Girl with red hair
There’s a kind of dichotomy, I think, between writing that takes on a fantastical element, and writing that is gritty and very real. Some writers will say they write to escape, submerged in their own world. Others, that writing puts them in touch with themselves and helps them to realise who they really are. I think it can do both. Some of that depends on the writer’s mood. A lot, I think, depends on what you are writing. Poetry embraces reality, opening up old wounds, bearing the soul and pulling people in.
‘Girl with red hair’ is a poem I wrote in response to my best friend’s death. I wrote this poem last year – she died nearly twenty years ago in her late twenties. It took me twenty years to be able to write about her. She was the first friend I ever really loved. We kind of ‘found’ each other. We were both a bit quirky, quiet and thoughtful, punky hair etc – we didn’t fit in. We spent every Saturday, for years, in our favourite bar, listening to live music while making our beers last as long as possible. We were both huge music lovers. We saw Bowie together at Milton Keynes Bowl, saw The Boomtown Rats, The Stranglers, Dance Society, The Cult… and we had our first trips abroad together – at eighteen to a Belgian beer festival, none the less, and a weekend in Paris.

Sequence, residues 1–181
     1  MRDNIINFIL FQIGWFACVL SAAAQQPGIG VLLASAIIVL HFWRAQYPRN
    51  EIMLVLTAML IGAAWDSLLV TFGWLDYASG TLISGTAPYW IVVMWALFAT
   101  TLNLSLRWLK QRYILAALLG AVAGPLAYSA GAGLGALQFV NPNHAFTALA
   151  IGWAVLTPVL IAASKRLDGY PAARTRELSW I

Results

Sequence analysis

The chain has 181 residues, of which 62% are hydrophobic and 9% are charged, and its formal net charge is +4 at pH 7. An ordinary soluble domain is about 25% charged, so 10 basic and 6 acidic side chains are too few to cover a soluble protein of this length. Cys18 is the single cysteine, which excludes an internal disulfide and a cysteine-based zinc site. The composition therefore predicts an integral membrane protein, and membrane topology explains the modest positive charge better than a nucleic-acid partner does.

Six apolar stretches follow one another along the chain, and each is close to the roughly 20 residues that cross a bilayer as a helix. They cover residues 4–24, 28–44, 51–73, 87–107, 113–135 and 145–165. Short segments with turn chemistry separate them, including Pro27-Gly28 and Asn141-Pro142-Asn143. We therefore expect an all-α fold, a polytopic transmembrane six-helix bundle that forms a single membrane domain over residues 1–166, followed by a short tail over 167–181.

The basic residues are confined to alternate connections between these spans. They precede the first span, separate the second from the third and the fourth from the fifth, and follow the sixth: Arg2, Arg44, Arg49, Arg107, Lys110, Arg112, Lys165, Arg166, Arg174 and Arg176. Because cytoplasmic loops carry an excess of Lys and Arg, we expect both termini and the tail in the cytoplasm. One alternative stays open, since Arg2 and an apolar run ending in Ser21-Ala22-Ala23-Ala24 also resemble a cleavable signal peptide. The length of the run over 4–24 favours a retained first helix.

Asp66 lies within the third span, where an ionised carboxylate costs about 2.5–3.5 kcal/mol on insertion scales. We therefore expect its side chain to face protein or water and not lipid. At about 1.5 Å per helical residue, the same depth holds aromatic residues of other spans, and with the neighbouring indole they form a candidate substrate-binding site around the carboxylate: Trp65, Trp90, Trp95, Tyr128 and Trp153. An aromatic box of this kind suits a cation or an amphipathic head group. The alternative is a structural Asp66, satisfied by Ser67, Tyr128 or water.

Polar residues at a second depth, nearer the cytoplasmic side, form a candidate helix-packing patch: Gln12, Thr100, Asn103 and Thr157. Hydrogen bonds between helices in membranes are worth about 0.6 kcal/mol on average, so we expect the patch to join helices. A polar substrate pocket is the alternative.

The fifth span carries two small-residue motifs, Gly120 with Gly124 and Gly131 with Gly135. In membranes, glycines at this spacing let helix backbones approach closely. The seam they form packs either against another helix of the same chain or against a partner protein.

Sometimes people come in to your life that define you at that time. Kim certainly did that. When she died, we had lost touch – our lives had gone separate ways and we no longer lived in the same city. We didn’t get to say goodbye. I still miss her. She was quite unique. This poem is for Kim.
Girl with red hair
Lolling from a round back chair
the girl with red hair let laughter
drip from her lips,
trickling down her drainpipe jeans
until it pooled upon the floor,
laughter so loud and shrill that
birds tipped their heads to listen,
sculpted her hair with fingers on a curve
with nails the colour of hematite,
eyes cast high at the glacial depth
in the click as it snags at the green.
sat outside a bar in Paris
a glass held up to puckered lips,
sank her head into my neck
as we rolled down roads
nameless and shapeless under a night’s sky,
her breath as bright as stars,
had her picture taken by the Champs Elysees,
seduced the lens and the iron fence
that felt like a night on the town,
wrote in a slope on the snowy white
of a postcard from Amsterdam
in letters full and round –
the pedal spin downhill feet up and out
and the wind –
remember the wind?
And as she laughed,
they all laughed.
As she held the glass to her lips,
they all drank.
From her bed, the palm crease in the page
lays down the beginnings of a book.
Her cat, curled neatly beside her,
counts the hours of a fevered brow.
And as her eyes sink beneath
the heat and the sigh’s slow release,
she thinks aboutParis
and a pale neck,
warm under the stars.